5. Early intervention is vital, as literacy challenges become harder to address later.

  6. Putting adjectives with the word ‘Literacy’ is not an acceptable substitute for actual reading instruction and teaching children to read.

  7. Balanced Literacy lacks solid research support for achieving high proficiency.

  8. Teachers need deep knowledge of the English writing system.

    A key highlight here would be Professor Snow discussing that when individuals enter a school, they naturally expect to encounter the most knowledgeable experts in the realms of reading and writing. However, she draws an analogy to emphasise how the situation has evolved over time. She likens the high-quality china that once graced teachers’ cabinets to a precious heirloom that has gradually been replaced with inferior plastic substitutes over several decades. It is now imperative for educators to reclaim this invaluable treasure. As teachers gain a deep understanding of the inner workings of the English writing system, they will come to realise its incompatibility with the 3-cueing system when it comes to teaching children.

    Professor Snow encourages teachers to regard this knowledge as their cherished family heirloom, one that should be brought back home and cherished like the ‘
    best china’, to be used every day.

  9. Parents shouldn't be responsible for teaching reading; it's the role of schools.

  10. Reading instruction should align with neuroscience.

In her thought-provoking dialogue, Prof. Snow called for educators' accountability, emphasising, "We need teachers to have special bodies of knowledge that other people don’t have, and we need to hold them to high account in applying that knowledge to their work." Her words underscored the responsibility of educators to continually seek expertise and employ evidence-based practices in their teaching.

Leaving Balanced Literacy requires a shift in approach. She emphasised the Simple View of Reading and the importance of both word recognition and language comprehension.

“It’s not our business whether children love reading. Our business is making them proficient readers and they can choose how they use reading across their lifespan.” Skill comes before enjoyment. By Year 3, children should acquire most of their new vocabulary through their own reading. All children need to learn to decode and most need to be taught explicitly. High-quality phonics is necessary, but we must ensure no child is left behind. Effective reading instruction has far-reaching effects on education, employment, mental health, and society.

Associate Professor Lorraine Hammond | How Can We Raise Literacy Rates

Assoc. Prof. Hammond’s session revolved around aligning research with classroom practice. She emphasised that learning to read follows the same path for all children, regardless of their background and discussed ‘HOW’ she teaches children in more affluent urban areas compared to those in the remote areas of the Kimberley. ‘I’ll say from the outset that what I do with them is precisely the same. And that’s hard for some people because people assume these kids are a bit different, might need something different, might need to spend more time outside learning ... no. We’ve all got the same brain. We all learn to read in the same way.”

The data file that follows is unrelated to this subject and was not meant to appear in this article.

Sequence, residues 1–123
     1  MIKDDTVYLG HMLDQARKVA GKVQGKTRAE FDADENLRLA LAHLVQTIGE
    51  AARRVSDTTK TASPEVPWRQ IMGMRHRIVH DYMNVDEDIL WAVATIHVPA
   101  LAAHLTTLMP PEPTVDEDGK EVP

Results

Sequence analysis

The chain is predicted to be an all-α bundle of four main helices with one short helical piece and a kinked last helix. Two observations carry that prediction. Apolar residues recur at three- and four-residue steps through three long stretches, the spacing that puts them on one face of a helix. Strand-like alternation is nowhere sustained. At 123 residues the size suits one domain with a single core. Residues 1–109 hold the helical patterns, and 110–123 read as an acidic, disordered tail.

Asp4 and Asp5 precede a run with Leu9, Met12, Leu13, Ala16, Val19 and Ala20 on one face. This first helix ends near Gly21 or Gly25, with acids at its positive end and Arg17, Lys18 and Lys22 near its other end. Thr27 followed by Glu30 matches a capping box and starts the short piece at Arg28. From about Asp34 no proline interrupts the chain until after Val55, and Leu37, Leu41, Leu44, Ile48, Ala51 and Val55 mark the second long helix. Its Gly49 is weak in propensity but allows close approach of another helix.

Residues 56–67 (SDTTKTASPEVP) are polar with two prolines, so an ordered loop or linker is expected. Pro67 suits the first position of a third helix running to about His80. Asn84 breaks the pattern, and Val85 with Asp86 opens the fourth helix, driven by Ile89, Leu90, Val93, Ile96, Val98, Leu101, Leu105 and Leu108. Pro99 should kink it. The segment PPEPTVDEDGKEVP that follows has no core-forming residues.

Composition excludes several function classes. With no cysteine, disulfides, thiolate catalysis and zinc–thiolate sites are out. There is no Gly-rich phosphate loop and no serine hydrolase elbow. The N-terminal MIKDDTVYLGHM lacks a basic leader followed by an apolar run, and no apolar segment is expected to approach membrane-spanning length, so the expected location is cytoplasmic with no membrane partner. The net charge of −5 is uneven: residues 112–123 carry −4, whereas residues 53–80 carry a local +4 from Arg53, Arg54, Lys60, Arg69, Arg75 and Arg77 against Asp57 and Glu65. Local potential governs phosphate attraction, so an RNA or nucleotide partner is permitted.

Assoc. Prof. Hammond introduced the concept of the "Simple View of Teaching" stressing that a combination of passion and knowledge fosters effective educators. She emphasised the need for adaptation, cautioning against holding onto ineffective practices.

Emphasising evidence-based instruction, Assoc. Prof. Hammond highlighted the importance of teachers' understanding of the neurology of reading. "If you are teaching reading and you don’t understand the neurology of it, it’s very hard to step away from Balanced Literacy and some of the things that are still going on."

Children all learn to read the same way, but the teaching methods may differ. Some children succeed despite varied approaches. The notion of providing a buffet of methods for teaching reading isn't necessary.

Assoc. Prof. Hammond’s insights resonated with the need for efficient teaching strategies, urging educators to utilise time on task effectively. "Time on task matters.” She describes that where students focus on learning we need to condense instruction, aiming for long-term memory retention. Reading and spelling are integrated, and we should maintain a fast pace while ensuring comprehension.

She stressed the importance of teaching more in less time, boosting active learning. The teacher's role is vital, requiring stability and fidelity to the task. The instructional approach matters.

The human brain operates the same way globally. Explicit instruction involves breaking down content into smaller parts, keeping students engaged and responsive, checking understanding, and maintaining a suitable pace. Explicit instruction is unscripted, while direct instruction follows a script.

Daily reviews, 20 minutes each morning, reduce cognitive load and enhance long-term memory. We prioritise using valuable teaching methods early for all students, focusing on maximising time on task. Short, effective daily reviews yield significant results.

In her closing remarks, Assoc. Prof. Hammond echoed Maya Angelou's wisdom, "Do the best you can until you know better. Then when you know better, you do better."

Ruth Blair

Ruth Blair